Rolls of steel are stacked inside the China Steel Corporation factory. Photo: Reuters / Tyrone Siu
Rolls of steel are stacked inside the China Steel Corporation factory. Photo: Reuters / Tyrone Siu

It appears no one bothered to hand the figures to Foreign Minister Wang Yi when he warned the United States of the dangers of a trade war with China. Just hours after his press conference on the sidelines of the National People’s Congress in Beijing, the world’s second-largest economy announced its February trade numbers with exports to the US jumping 46.1% from a year earlier.

As far as timing was concerned, it could not have come at a worse moment. Relations between Beijing and Washington have entered a decidedly frosty period with US President Donald Trump ready to roll out stiff tariffs on steel and aluminum imports.

Naturally, China has fired back with a warning salvo. “Given today’s globalization, choosing a trade war is a mistaken prescription,” Wang told the media as China’s de facto parliament, which is known as a rubber-stamp legislature, sat in the Great Hall of the People.

“The outcome will only be harmful [and] China would have to make a justified and necessary response,” he added.

In the weeks ahead, the Trump administration plans to issue a report on China’s intellectual property practices, which is expected to trigger further tariffs on a wider range of Chinese imports.

“The US is acting swiftly on Intellectual Property theft. We cannot allow this to happen as it has for many years!” President Trump tweeted hours before Wang’s comments.

He also took to Twitter to point out that the US had asked China to “develop a plan for the year of a One Billion Dollar reduction in their massive trade deficit with the United States.”

“We look forward to seeing what ideas they come back with. We must act soon!” Trump said.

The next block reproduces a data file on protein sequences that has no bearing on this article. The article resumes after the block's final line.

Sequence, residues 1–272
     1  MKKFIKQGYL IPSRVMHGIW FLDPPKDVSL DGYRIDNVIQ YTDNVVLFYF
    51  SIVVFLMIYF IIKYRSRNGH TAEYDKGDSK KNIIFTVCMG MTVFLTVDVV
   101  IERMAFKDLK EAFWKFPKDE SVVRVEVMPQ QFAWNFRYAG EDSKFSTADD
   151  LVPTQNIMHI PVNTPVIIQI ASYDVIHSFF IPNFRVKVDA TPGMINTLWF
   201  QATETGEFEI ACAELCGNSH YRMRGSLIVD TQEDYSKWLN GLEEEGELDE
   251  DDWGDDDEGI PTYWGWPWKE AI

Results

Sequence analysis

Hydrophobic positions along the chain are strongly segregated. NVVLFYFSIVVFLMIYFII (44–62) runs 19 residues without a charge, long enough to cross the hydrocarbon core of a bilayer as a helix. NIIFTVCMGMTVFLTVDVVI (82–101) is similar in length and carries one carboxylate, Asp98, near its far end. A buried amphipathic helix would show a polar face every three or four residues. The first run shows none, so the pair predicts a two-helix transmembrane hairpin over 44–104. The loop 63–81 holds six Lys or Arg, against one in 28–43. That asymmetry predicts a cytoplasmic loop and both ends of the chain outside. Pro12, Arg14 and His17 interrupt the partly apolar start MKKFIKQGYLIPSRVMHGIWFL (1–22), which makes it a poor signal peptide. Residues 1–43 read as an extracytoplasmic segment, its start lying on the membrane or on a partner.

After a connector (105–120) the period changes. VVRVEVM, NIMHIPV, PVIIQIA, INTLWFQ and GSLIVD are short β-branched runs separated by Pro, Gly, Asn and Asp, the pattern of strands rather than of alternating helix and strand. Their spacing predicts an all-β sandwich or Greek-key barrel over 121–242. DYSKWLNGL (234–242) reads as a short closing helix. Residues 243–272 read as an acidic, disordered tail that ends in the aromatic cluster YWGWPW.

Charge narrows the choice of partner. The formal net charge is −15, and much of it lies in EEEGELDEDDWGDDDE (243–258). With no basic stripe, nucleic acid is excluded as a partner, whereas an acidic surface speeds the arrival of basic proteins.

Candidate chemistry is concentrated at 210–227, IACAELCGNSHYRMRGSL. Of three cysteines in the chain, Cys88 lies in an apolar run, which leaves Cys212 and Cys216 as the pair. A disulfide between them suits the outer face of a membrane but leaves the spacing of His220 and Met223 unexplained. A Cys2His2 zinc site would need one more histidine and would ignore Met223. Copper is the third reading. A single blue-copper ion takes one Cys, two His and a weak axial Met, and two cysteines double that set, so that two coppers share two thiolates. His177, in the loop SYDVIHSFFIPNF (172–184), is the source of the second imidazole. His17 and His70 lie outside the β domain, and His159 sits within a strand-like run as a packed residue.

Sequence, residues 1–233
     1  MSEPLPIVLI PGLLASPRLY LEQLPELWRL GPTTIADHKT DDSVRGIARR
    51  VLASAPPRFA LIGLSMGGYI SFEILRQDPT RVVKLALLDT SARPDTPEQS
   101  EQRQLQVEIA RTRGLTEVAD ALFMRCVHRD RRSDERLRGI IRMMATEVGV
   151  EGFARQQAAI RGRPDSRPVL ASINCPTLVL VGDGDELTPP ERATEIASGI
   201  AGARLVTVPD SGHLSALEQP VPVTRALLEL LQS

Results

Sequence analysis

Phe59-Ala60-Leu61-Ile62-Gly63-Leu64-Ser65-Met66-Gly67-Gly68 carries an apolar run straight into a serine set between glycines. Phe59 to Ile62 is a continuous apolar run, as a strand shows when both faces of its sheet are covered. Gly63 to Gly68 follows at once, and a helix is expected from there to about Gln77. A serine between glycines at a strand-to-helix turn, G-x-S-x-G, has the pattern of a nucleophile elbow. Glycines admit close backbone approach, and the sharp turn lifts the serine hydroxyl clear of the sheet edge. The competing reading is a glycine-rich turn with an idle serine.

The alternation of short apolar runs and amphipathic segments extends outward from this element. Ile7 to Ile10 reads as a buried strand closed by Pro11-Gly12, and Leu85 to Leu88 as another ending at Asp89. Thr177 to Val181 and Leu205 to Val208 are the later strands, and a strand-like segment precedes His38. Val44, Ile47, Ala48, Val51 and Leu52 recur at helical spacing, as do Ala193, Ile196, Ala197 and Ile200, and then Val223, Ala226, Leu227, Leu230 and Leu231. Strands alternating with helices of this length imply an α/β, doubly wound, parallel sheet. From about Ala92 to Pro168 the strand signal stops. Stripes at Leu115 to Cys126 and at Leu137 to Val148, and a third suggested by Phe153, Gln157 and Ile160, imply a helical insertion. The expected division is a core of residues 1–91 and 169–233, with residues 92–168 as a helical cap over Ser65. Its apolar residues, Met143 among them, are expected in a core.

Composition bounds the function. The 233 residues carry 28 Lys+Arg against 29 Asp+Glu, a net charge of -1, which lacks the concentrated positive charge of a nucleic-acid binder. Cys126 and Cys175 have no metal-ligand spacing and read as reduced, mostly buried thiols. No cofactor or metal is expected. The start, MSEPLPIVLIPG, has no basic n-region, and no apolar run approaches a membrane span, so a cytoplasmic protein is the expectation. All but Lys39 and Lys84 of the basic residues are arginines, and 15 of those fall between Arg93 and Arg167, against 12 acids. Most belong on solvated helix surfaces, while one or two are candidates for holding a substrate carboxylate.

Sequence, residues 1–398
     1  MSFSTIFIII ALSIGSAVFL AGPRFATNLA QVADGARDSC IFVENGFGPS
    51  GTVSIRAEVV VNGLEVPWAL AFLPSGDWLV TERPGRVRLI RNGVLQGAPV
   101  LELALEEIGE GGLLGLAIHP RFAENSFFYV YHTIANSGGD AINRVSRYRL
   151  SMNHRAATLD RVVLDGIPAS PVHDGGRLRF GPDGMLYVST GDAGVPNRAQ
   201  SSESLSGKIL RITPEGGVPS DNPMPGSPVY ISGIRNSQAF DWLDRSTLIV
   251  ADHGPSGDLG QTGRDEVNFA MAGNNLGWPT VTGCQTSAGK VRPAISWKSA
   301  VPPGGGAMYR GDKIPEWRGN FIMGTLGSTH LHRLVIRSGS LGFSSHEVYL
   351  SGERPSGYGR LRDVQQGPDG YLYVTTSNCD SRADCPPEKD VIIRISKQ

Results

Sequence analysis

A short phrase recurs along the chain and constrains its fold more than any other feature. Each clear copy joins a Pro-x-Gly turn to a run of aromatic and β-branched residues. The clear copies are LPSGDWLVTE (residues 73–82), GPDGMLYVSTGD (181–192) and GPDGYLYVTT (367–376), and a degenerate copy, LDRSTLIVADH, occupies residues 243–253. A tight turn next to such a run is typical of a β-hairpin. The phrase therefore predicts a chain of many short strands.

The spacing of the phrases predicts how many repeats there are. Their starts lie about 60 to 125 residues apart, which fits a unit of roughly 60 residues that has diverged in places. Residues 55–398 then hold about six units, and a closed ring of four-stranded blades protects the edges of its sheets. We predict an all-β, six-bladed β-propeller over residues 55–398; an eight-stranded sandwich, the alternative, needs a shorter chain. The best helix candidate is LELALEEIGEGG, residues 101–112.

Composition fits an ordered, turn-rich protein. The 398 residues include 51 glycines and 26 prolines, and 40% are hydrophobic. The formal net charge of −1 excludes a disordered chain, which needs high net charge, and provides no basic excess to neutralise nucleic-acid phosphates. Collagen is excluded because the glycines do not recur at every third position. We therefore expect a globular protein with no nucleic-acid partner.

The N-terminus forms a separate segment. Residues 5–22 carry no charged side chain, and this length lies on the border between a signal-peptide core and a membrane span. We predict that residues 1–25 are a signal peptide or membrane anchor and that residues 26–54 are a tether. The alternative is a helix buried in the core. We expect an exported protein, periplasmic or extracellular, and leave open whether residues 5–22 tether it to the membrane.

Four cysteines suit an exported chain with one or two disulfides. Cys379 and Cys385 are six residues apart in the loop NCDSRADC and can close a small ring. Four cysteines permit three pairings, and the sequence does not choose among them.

Still, the amount is a drop in the Pacific ocean, which divides the two nations, when compared with the record $375.2 billion trade deficit the US racked up with China last year.

In February, the surplus with the US stood at $21 billion, official data from China’s General Administration of Customs showed, more than double the $10.4 billion reported during the same period last year.

“The bigger picture is that while China’s trade surplus with most of the world has declined during the past year … its surplus with the US has continued to expand,” Julian Evans-Pritchard, the China Economist at Capital Economics, said in a note.

Overall, the country’s exports unexpectedly surged last month at the fastest pace in three years, which suggested economic growth remains resilient.

Data showed that exports increased by 44.5% from a year earlier, compared with analysts’ median forecast for a 13.6% rise, and an 11.1%  increase in January.

Imports grew 6.3%, missing analysts’ forecast for 9.7% growth, and down from a sharper-than-expected 36.9% jump in January.

But analysts cautioned that these figures could have been heavily distorted by the timing of the Lunar New Year holiday. It fell during  February this year compared to January in 2017.

“Global demand remains robust and the economies of the US and Europe are expanding, that’s the biggest boost for Chinese exports,” Xia Le, the chief Asia economist at Banco Bilbao Vizcaya Argentaria in Hong Kong, told Bloomberg.

“The risk of a trade war in which Trump increases tariffs for a broader scope of products seems to be rising,” Xiao signed off on a cautious note.

– with Reuters and AFP

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